|Publication number||US5749658 A|
|Application number||US 08/712,917|
|Publication date||May 12, 1998|
|Filing date||Sep 12, 1996|
|Priority date||Sep 12, 1996|
|Also published as||US5827163|
|Publication number||08712917, 712917, US 5749658 A, US 5749658A, US-A-5749658, US5749658 A, US5749658A|
|Inventors||Catherine E. Kettner|
|Original Assignee||Reynolds Consumer Products, Inc.|
|Export Citation||BiBTeX, EndNote, RefMan|
|Patent Citations (20), Referenced by (75), Classifications (28), Legal Events (7)|
|External Links: USPTO, USPTO Assignment, Espacenet|
The present invention relates to a closure arrangement for a recloseable bag. More particularly, the invention relates to a zipper having male and female profiles.
Many consumer packaging applications employ recloseable bags using recloseable zippers for locking products within the bags. A typical recloseable zipper includes male and female profiles extending along the entire length of the zipper. The male profile is often tree shaped, with an expanded head portion supported by a narrower trunk portion. The female profile is disposed opposite to the male profile and is adapted to mate with the male profile by a pair of legs having locking edges and cornered shoulders. The profiles are interlocked by properly aligning the male and female profiles and pressing them together along the entire length of the zipper. The opposing legs of the female profile slide over the expanded head portion of the male profile, and lock to it by locking the head with the cornered shoulders and resting in the trunk portion.
The recloseable zipper is typically formed of a polymeric material by an extrusion process. The recloseable zipper is normally permanently attached to a polymeric bag or film by a thermal-fusion process in which a heated metal bar is pressed against the polymeric bag or film while in contact with the zipper. The zipper is typically attached to a polymeric film used to form the recloseable bag. The attachment is made prior to sealing and cutting of the film's side walls to form the finished bag.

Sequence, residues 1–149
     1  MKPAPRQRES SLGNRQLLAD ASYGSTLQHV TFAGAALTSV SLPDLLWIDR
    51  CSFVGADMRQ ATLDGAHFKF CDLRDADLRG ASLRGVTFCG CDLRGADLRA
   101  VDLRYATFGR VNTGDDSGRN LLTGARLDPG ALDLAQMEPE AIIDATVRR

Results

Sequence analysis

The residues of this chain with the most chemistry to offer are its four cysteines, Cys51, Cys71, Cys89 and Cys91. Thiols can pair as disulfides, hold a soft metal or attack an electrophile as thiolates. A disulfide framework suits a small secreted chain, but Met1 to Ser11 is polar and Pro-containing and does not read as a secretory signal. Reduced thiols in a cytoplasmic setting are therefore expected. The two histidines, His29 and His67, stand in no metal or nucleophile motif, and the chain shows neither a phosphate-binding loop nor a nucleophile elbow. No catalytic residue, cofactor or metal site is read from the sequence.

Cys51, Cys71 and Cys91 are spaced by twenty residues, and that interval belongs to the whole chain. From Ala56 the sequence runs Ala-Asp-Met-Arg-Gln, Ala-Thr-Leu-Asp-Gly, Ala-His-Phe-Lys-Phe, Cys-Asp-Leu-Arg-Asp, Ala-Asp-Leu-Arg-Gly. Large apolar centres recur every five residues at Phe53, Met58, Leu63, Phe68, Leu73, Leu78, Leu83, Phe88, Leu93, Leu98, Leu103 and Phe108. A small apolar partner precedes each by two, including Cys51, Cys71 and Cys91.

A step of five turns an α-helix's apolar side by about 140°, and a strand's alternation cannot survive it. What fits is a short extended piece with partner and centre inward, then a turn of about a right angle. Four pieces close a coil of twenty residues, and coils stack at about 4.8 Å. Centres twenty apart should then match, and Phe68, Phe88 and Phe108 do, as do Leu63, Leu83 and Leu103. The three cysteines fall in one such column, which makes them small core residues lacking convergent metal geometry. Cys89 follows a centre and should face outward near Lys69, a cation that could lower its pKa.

Conventional zippers can be problematic if the bag is pre-formed prior to attachment of the zipper. In the case of bags pre-formed prior to attaching the zipper, it is difficult to place a zipper on the interior of the bag. Also, with a typical pre-formed bag, the side walls are already cut and sealed, and thus the zipper cannot readily be fused onto the side walls.
In connection with the present invention, attaching the zipper on the outside of the bag was considered a possible solution. However, this can pose substantial problems because the heat required to fuse the zipper to the polymeric film is often so high that not only does the polymeric film become fused to the zipper, but the two film layers may become fused to one another to create a permanent bond between the layers. This bond eliminates the ability to open the bag without destroying its recloseable features. This problem is not as evident when the zipper is installed on the inside of a bag, because the zipper is typically thicker than the walls of the bag, and therefore the heat necessary to fuse the bag to the zipper must be sufficient only to pass through the bag wall, not through an entire zipper. Similarly, since most bag walls are constructed of a relatively thin layer, they readily fuse when in contact with each other.
Consequently, a need exists for a zipper for a recloseable bag which overcomes the aforementioned shortcomings associated with existing zippers.
The present invention is directed to a zipper for a recloseable bag. The zipper comprises first and second generally parallel extruded base strips. These base strips are substantially co-planar and laterally spaced from one another. Each of the base strips has an inner surface, an outer surface, and a flange portion. The flange portions are configured for permanent attachment to an exterior surface of the film forming the polymeric bag by means of a heat-setting sealant compound.
The inner surface of the base strips includes closure profiles positioned above the flange portions and configured to interlock with one another. The closure profiles are positioned to interlock above the bag films. A heat-setting sealant compound is coextruded, coated, or laminated to the inner surface of the flange portions for permanently adhering the inner surfaces of the flange portions to an exterior surface of the polymeric bag. The. zippers are adhered to the flange portions at a point below the closure profiles.
In one embodiment, the flange portions of the base strips are thinner than the portion of the base strips located above the closure profiles. For example, the flange portions may be from 2 to 3 mils thick, and the portion of the base strips above the closure profiles may be from 5 to 6 mils thick.